Special | A | B | C | D | E | F | G | H | I | J | K | L | M | N | O | P | Q | R | S | T | U | V | W | X | Y | Z | ALL
Randomised Control Trial (RCT)
A systematic evaluation of an intervention in which participants are assigned randomly to intervention and ‘no treatment’ or ‘treatment as usual’ groups. This avoids biases in the way participants are allocated to groups, which could otherwise affect the outcome, making the intervention itself difficult to evaluate. RCTs are typically large-scale studies involving many participants. (See also intervention group; treatment as usual group.)
The process of receiving and understanding language which is spoken or written by others. Difficulty with receptive language means that the person has delay and/or difficulty in making sense of what other people say or write down. Problems are likely to include difficulty in understanding vocabulary or grammar, difficulty in distinguishing speech sounds and in understanding the meaning of sentences. Difficulty with receptive language is common on the autism spectrum and is often accompanied by expressive language difficulty. (See also expressive language.)
In terms of communication and social interaction this means the two-way use of language and turn-taking in conversation, with each person listening to and responding to what the other has said, with coordination to avoid excessive interruption of the other. It also involves responding to another’s actions in order to meet the other person’s expectations and build relationships.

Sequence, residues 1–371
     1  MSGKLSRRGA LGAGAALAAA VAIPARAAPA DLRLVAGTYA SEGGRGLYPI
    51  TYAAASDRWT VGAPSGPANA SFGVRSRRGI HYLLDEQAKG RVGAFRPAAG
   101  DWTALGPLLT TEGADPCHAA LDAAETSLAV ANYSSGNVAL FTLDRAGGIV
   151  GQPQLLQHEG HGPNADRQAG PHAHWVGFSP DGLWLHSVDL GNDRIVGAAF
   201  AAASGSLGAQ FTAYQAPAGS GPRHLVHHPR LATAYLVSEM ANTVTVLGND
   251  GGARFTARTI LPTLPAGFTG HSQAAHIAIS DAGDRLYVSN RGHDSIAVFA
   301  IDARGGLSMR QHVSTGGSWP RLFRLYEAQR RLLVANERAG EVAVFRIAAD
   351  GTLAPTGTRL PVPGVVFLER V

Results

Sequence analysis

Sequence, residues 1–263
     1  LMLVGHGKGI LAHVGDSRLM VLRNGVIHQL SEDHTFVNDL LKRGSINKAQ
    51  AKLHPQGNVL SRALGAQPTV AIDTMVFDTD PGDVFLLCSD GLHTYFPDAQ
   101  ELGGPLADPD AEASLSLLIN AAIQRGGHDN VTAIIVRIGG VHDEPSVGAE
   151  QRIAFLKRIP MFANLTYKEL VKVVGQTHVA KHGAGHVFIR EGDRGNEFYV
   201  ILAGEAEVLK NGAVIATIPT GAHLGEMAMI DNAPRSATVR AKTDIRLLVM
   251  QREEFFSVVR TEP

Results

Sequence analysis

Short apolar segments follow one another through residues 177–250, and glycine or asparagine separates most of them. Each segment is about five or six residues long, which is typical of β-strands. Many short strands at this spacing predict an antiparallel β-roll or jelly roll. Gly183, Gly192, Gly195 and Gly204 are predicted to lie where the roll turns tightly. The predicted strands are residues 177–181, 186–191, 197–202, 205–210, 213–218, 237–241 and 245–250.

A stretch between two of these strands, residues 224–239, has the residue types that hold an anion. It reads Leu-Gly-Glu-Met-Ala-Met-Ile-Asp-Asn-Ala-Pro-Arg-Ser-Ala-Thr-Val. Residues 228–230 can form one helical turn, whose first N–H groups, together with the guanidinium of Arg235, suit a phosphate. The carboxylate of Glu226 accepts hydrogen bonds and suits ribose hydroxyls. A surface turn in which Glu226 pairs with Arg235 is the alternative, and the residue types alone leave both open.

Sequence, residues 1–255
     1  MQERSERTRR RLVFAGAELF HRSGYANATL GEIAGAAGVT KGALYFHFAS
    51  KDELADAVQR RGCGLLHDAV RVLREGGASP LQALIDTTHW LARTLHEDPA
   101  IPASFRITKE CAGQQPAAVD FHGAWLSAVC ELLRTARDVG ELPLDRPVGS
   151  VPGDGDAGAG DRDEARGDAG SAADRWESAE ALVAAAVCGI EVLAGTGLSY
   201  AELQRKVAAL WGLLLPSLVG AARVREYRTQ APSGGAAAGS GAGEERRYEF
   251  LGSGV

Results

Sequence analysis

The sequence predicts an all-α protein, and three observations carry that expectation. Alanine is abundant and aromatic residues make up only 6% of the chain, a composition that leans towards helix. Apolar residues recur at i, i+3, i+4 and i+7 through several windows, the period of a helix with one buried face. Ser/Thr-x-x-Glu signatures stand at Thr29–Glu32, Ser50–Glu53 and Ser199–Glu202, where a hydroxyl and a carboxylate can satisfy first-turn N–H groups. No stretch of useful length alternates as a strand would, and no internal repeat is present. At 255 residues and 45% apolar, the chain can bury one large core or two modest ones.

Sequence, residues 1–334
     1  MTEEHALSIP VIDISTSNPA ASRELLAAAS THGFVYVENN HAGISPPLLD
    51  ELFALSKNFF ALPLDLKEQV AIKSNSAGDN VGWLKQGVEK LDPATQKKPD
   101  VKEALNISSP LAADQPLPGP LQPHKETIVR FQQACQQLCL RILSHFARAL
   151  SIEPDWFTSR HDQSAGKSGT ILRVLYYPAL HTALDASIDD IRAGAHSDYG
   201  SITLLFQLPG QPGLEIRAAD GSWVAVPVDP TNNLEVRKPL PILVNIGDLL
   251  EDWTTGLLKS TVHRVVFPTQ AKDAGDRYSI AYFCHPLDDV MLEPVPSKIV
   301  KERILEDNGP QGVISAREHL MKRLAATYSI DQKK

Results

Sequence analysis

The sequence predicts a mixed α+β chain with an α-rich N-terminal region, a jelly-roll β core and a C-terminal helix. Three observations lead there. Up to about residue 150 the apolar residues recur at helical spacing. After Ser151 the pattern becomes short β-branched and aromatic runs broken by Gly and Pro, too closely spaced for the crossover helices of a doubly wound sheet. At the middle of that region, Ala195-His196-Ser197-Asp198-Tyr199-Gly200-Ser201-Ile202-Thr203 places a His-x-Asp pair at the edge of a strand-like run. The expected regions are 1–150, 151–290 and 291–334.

A central principle in behaviour modification and behavioural intervention. Involves shaping an individual's behaviour through the operation of influences known as reinforcers because they increase or decrease the frequency of a particular response. A sweet would be a simple example of a reinforcer given to a child who has managed to articulate a request for the first time. But not all reinforcers are so obvious. (See also operant conditioning.)
Replication is when an experiment, or other study, is repeated under the same conditions to discover if the same results are obtained. Demonstrating that a result is replicable is an important feature of scientific methodology.
The ability to withstand hardship and to overcome adversity, becoming stronger and more resourceful as a result.
Restricted and Repetitive Behaviours and Interests (RRBIs)
One of the two main diagnostic criteria for autism. RRBIs involve repeating the same physical activity over and over again, such as flicking fingers or watching the same video, sticking to the same routines and/or being exclusively interested in very few topics, or a single topic, for lengthy periods of time.